That the world masters. Now in faith Gratiano,
You giue your wife too vnkinde a cause of greefe,
And 'twere to me I should be mad at it

Bass. Why I were best to cut my left hand off,
And sweare I lost the Ring defending it

Gra. My Lord Bassanio gaue his Ring away
Vnto the Iudge that beg'd it, and indeede
Deseru'd it too: and then the Boy his Clearke
That tooke some paines in writing, he begg'd mine,
And neyther man nor master would take ought
But the two Rings

Por. What Ring gaue you my Lord?
Not that I hope which you receiu'd of me

Bass. If I could adde a lie vnto a fault,
I would deny it: but you see my finger
Hath not the Ring vpon it, it is gone

Por. Euen so voide is your false heart of truth.
By heauen I wil nere come in your bed
Vntil I see the Ring

Ner. Nor I in yours, til I againe see mine

Bass. Sweet Portia,
If you did know to whom I gaue the Ring,
If you did know for whom I gaue the Ring,
And would conceiue for what I gaue the Ring,
And how vnwillingly I left the Ring,
When nought would be accepted but the Ring,
You would abate the strength of your displeasure?
Por. If you had knowne the vertue of the Ring,
Or halfe her worthinesse that gaue the Ring,
Or your owne honour to containe the Ring,
You would not then haue parted with the Ring:
What man is there so much vnreasonable,
If you had pleas'd to haue defended it
With any termes of Zeale: wanted the modestie
To vrge the thing held as a ceremonie:
Nerrissa teaches me what to beleeue,
Ile die for't, but some Woman had the Ring?
Bass. No by mine honor Madam, by my soule
No Woman had it, but a ciuill Doctor,
Which did refuse three thousand Ducates of me,
And beg'd the Ring; the which I did denie him,
And suffer'd him to go displeas'd away:
Euen he that had held vp the verie life
Of my deere friend. What should I say sweete Lady?
I was inforc'd to send it after him,
I was beset with shame and curtesie,
My honor would not let ingratitude
So much besmeare it. Pardon me good Lady,
And by these blessed Candles of the night,
Had you bene there, I thinke you would haue beg'd
The Ring of me, to giue the worthie Doctor?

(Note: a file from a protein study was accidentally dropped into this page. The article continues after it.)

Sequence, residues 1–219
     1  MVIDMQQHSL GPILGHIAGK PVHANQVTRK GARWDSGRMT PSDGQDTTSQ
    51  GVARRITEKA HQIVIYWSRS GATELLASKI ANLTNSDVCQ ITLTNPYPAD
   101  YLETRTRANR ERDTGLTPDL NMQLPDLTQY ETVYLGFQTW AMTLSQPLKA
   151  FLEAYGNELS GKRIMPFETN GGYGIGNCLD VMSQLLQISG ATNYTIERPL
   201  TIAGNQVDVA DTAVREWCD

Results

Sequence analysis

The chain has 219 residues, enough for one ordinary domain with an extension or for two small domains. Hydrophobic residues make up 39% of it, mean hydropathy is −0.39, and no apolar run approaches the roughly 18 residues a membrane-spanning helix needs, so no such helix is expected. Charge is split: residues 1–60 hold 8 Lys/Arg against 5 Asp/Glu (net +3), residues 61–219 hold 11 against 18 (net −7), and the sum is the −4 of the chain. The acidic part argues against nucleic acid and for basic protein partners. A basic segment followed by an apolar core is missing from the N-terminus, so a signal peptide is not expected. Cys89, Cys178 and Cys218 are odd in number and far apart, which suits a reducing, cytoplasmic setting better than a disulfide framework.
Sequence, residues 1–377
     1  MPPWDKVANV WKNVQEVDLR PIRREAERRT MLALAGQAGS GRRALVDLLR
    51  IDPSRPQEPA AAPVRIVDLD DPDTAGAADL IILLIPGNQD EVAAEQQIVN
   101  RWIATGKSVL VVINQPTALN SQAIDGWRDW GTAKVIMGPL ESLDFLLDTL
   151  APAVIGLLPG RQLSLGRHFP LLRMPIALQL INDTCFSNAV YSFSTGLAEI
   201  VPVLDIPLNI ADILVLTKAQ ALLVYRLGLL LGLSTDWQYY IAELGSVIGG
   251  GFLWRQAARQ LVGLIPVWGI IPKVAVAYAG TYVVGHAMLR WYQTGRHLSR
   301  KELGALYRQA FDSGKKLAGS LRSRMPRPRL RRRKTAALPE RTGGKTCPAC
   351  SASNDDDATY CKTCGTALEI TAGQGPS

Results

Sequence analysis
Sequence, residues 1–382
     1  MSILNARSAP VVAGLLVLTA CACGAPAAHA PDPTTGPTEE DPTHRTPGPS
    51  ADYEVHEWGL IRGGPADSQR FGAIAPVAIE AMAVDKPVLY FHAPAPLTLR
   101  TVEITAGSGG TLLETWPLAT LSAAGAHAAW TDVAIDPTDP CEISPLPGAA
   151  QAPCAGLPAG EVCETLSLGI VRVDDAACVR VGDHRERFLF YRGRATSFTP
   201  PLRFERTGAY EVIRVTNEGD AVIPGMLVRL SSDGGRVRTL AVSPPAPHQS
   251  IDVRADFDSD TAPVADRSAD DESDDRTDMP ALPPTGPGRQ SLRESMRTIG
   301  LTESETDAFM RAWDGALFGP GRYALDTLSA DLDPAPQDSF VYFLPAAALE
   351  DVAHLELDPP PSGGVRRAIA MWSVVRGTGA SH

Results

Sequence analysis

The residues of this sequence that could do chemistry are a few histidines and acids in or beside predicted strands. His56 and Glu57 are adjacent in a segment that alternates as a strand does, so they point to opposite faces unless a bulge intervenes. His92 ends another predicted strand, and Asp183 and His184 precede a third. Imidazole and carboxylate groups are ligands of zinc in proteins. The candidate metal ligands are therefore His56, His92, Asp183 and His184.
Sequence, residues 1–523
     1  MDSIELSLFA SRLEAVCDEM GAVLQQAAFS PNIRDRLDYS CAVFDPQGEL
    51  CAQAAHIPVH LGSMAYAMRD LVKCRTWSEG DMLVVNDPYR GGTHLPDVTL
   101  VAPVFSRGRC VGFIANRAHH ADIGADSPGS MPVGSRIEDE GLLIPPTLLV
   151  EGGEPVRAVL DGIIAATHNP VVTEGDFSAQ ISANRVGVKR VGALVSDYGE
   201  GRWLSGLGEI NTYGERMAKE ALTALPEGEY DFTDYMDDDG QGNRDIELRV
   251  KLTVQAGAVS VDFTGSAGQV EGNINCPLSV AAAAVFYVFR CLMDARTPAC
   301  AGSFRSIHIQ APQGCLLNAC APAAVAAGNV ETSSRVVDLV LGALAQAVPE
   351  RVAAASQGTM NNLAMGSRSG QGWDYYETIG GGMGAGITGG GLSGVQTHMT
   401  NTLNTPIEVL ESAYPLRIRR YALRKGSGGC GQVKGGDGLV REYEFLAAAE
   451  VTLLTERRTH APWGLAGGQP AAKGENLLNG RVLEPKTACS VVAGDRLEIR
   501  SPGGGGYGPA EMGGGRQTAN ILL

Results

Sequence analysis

Por. Let not that Doctor ere come neere my house,
Since he hath got the iewell that I loued,
And that which you did sweare to keepe for me,
I will become as liberall as you,
Ile not deny him any thing I haue,
No, not my body, nor my husbands bed:
Know him I shall, I am well sure of it.
Lie not a night from home. Watch me like Argos,
If you doe not, if I be left alone,
Now by mine honour which is yet mine owne,
Ile haue the Doctor for my bedfellow

Nerrissa. And I his Clarke: therefore be well aduis'd
How you doe leaue me to mine owne protection

Gra. Well, doe you so: let not me take him then,
For if I doe, ile mar the yong Clarks pen

Ant. I am th' vnhappy subiect of these quarrels

Por. Sir, grieue not you,
You are welcome notwithstanding

Bas. Portia, forgiue me this enforced wrong,
And in the hearing of these manie friends
I sweare to thee, euen by thine owne faire eyes
Wherein I see my selfe

Por. Marke you but that?
In both my eyes he doubly sees himselfe:
In each eye one, sweare by your double selfe,
And there's an oath of credit

Bas. Nay, but heare me.
Pardon this fault, and by my soule I sweare
I neuer more will breake an oath with thee

Anth. I once did lend my bodie for thy wealth,
Which but for him that had your husbands ring
Had quite miscarried. I dare be bound againe,
My soule vpon the forfeit, that your Lord
Will neuer more breake faith aduisedlie

Por. Then you shall be his suretie: giue him this,
And bid him keepe it better then the other

Ant. Heere Lord Bassanio, swear to keep this ring

Bass. By heauen it is the same I gaue the Doctor

Por. I had it of him: pardon Bassanio,
For by this ring the Doctor lay with me

Ner. And pardon me my gentle Gratiano,
For that same scrubbed boy the Doctors Clarke
In liew of this, last night did lye with me

Gra. Why this is like the mending of high waies
In Sommer, where the waies are faire enough:
What, are we Cuckolds ere we haue deseru'd it

Por. Speake not so grossely, you are all amaz'd;
Heere is a letter, reade it at your leysure,
It comes from Padua from Bellario,
There you shall finde that Portia was the Doctor,
Nerrissa there her Clarke. Lorenzo heere
Shall witnesse I set forth as soone as you,
And but eu'n now return'd: I haue not yet
Entred my house. Anthonio you are welcome,
And I haue better newes in store for you
Then you expect: vnseale this letter soone,
There you shall finde three of your Argosies
Are richly come to harbour sodainlie.
You shall not know by what strange accident
I chanced on this letter

Antho. I am dumbe

Bass. Were you the Doctor, and I knew you not?
Gra. Were you the Clark that is to make me cuckold

Ner. I, but the Clark that neuer meanes to doe it,
Vnlesse he liue vntill he be a man

Bass. (Sweet Doctor) you shall be my bedfellow,
When I am absent, then lie with my wife

An. (Sweet Ladie) you haue giuen me life & liuing;
For heere I reade for certaine that my ships
Are safelie come to Rode

Por. How now Lorenzo?
My Clarke hath some good comforts to for you

Ner. I, and Ile giue them him without a fee.
There doe I giue to you and Iessica
From the rich Iewe, a speciall deed of gift
After his death, of all he dies possess'd of

Loren. Faire Ladies you drop Manna in the way
Of starued people

Por. It is almost morning,
And yet I am sure you are not satisfied
Of these euents at full. Let vs goe in,
And charge vs there vpon intergatories,
And we will answer all things faithfully

Gra. Let it be so, the first intergatory
That my Nerrissa shall be sworne on, is,
Whether till the next night she had rather stay,
Or goe to bed, now being two houres to day,
But were the day come, I should wish it darke,
Till I were couching with the Doctors Clarke.
Well, while I liue, Ile feare no other thing
So sore, as keeping safe Nerrissas ring.


FINIS. The Merchant of Venice.